“My heart has turned into stone. I no longer cry,” says Ghulam Qadir Dar as he enters his two-storey house in Saderkoot Bala, a village in north Kashmir. Here, 23 years ago, he had seen the bullet-riddled bodies of his family members. They were allegedly shot dead by around 20 gunmen of the infamous Ikhwan, a Kashmiri counter-insurgency group established by former militants. On May 7, the police arrested one of the accused.
The assassins were mostly from Ikhwan-ul-Muslimoon, a faction which broke away from the separatist group Ikhwan-ul-Muslimeen, and surrendered. The former sided with the security forces to fight against Pakistan-backed Hizbul-Mujahideen militants in 1994. They were notorious for loot, plunder and murders of Jamaat-e-Islami J&K workers, which was seen as the political force behind Hizb in the early 1990s.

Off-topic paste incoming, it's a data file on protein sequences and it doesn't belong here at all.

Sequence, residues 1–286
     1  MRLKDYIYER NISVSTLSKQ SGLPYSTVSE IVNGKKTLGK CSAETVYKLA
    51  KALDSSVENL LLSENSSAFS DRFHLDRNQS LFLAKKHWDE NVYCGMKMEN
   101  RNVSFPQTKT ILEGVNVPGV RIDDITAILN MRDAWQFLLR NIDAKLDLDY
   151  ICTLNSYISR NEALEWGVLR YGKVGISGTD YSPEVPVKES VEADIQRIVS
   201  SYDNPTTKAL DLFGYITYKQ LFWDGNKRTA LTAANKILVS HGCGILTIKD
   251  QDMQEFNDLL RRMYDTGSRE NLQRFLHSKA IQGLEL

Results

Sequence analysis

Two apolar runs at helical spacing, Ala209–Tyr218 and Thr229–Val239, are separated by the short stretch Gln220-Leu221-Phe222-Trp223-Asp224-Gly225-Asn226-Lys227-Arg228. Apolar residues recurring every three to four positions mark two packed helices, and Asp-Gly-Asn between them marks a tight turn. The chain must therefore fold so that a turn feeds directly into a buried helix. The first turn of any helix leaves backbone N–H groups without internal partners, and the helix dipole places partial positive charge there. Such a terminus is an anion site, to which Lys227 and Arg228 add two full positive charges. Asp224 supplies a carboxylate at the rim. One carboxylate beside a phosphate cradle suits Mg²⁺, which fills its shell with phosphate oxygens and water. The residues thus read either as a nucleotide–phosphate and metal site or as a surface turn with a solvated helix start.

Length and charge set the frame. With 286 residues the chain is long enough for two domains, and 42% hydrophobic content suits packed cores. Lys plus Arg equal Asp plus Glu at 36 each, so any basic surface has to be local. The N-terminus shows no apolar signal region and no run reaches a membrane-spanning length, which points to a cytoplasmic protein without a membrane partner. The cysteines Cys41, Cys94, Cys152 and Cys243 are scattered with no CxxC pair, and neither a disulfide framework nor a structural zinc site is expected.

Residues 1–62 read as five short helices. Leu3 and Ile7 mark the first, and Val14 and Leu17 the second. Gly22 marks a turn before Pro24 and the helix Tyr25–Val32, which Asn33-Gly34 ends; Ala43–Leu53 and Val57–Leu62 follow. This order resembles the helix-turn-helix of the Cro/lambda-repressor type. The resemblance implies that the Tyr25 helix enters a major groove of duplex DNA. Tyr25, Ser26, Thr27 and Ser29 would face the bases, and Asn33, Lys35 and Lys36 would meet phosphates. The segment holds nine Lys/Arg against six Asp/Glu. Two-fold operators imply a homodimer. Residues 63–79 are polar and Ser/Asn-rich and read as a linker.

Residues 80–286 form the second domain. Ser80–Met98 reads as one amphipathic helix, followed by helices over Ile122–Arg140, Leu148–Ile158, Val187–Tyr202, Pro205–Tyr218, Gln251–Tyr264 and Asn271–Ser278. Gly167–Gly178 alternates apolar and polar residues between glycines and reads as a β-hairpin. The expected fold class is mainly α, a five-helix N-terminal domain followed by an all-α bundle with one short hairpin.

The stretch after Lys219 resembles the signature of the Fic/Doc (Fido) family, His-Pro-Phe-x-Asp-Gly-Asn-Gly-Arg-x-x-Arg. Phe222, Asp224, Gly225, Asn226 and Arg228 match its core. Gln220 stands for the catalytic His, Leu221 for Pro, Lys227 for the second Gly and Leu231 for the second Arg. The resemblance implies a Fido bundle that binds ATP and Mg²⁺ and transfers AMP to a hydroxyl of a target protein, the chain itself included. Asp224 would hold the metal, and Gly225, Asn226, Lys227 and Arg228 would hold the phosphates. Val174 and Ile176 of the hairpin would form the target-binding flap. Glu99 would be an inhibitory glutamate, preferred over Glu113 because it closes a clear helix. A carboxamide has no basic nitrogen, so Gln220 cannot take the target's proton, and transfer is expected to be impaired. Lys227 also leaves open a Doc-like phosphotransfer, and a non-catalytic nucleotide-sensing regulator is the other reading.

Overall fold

“Bullets pierced my wife Hajira and my son Abdul Salam’s heart. My daughter, Jawharia, was shot in the chest and nephew, Abdul Rashid Dar, had bullets lodged in his abdomen. I stepped out and saw more relatives wounded and lying on the ground,” Dar says as he walks out of the house and points to the spot where he found his dear ones soaked in blood. The gunmen also shot Dar’s neighbour, Saif-ud-Din. They then rushed to the house of Ghulam Rasool Dar, who lived nearby, and killed him too. Both were stone masons.
“Ikhwanis had come to kill me, but when my wife told them I was not at home, they became angry and murdered my family,” says Dar. “This happened because we voted the National Conference. When NC’s Akbar Lone stood against Ikhwan commander Mohammad Yousuf Parray alias Kuka Parray in the 1996 assembly elections, we supported Lone in spite of the threat from Ikhwan. Parray won. The day of the results, those who voted for...